The News & What it Means – Farmers are Good at What They Do; the Government Needs to Let Them Do It

By John DePutter & Dave Milne – January 30, 2019

The news:

“Red tape is burdening Canadian farmers to the point that more than two-thirds are questioning whether their children should follow in their footsteps at all, according to the results of a new survey.”

– Syngenta website article, Jan. 25, 2019

What it means:

For one thing, it means the government could help the ag industry and the people it serves by standing back and letting farmers do what they do best: farm.

Agricultural production has grown, thrived and contributed greatly to society for decades and strapping more paperwork, regulations and red tape on the backs of farmers won’t enhance the tremendous progress that has been made. Nor will it help Canadian farmers compete with American farmers and farmers in other countries.

It also hints that the number of Canadian farmers – already in decline – may become even fewer.

According to Statistics Canada, there were 193,492 farms counted across the country as part of the 2016 census, down almost 6% from the previous census in 2011. That’s a relatively modest decline, but one that continues a trend that dates back in the early 1940s. The largest five-year decline on record was from 1956 to 1961 when the number of farms fell by 16.4% or about 94,000 farms.

It’s also interesting to note that in 2016, only 1 in 12 farm operations reported having a formal succession plan laying out how the operation will be transferred to the next generation of farmers.

Of course, it must also be stated that while the number of farm operations has dwindled, the size of the remaining enterprises has increased through consolidation. Indeed, the size of the average Canadian farm in 2016 was 820 acres, up from 779 acres just five years earlier.

Bureaucracy and red tape is only one challenge farmers face and only one factor, perhaps a small one, in the trend toward fewer farmers. But it’s an issue nonetheless and is top on the list of challenges that farmers tend to comment on.

That said, no one should fear any resulting hit in production.

The real difference down on the farm over the years has been in productivity. Better crop genetics, ever improving management techniques and precision farming have allowed fewer and fewer Canadian farmers to squeeze more and more production from each acre of land than ever before.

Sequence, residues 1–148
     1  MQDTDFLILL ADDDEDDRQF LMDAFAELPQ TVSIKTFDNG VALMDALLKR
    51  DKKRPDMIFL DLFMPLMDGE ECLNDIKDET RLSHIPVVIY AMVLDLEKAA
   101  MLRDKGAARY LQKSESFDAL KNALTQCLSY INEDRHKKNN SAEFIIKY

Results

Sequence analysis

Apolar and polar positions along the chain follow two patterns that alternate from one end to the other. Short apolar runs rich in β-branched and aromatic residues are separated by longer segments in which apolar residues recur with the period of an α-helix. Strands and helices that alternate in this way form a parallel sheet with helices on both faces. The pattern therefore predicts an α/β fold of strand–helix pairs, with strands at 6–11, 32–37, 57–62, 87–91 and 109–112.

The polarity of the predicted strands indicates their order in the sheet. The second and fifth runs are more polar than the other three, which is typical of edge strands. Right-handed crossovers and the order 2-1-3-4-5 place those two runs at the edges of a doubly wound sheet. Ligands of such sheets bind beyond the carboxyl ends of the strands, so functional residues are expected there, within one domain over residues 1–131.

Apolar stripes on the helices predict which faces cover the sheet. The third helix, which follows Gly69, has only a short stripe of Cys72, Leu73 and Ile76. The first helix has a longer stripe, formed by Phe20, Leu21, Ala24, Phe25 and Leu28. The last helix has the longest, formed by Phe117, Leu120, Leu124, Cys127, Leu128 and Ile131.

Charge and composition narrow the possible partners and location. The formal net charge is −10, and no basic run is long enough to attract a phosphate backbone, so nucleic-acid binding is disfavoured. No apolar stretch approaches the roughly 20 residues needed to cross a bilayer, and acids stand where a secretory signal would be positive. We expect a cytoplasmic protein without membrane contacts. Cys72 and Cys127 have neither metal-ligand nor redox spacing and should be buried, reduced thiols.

And that’s despite weather vagaries, especially on the Canadian Prairies, that have ranged from a number of wet years, followed by overly dry conditions in key areas that past three years.

For 2018, the production of all field crops in Canada is estimated at 92.7 million tonnes, way up from 72.25 million in 2011 and an increase of nearly 40% from the 66.33 million tonnes produced in 2000. In short, productivity has increased by leaps and bounds despite the loss of farms and farmers.

This isn’t meant to minimize the impact of the red tape burden faced by farmers today, or the potential for the younger generation to take a pass on taking over the farm – sometimes even at the behest of the older generation. Farming is a noble calling, and it’s a shame that some farmers apparently feel the hassle of government demands and forms has gotten to the point where it just isn’t worth it when it comes to handing down the homestead.

Perhaps nothing has ever captured the farmer better than Paul Henry’s ‘So God Made a Farmer’ speech at the Future Farmers of America Convention in 1978. Parts of the speech were later used in a popular Super Bowl advertisement for Ram Trucks.

If you’ve never seen the ad before take a look here:

That’s really what we’re giving up, not so much the production capacity, when we lose our farmers.

Times do change.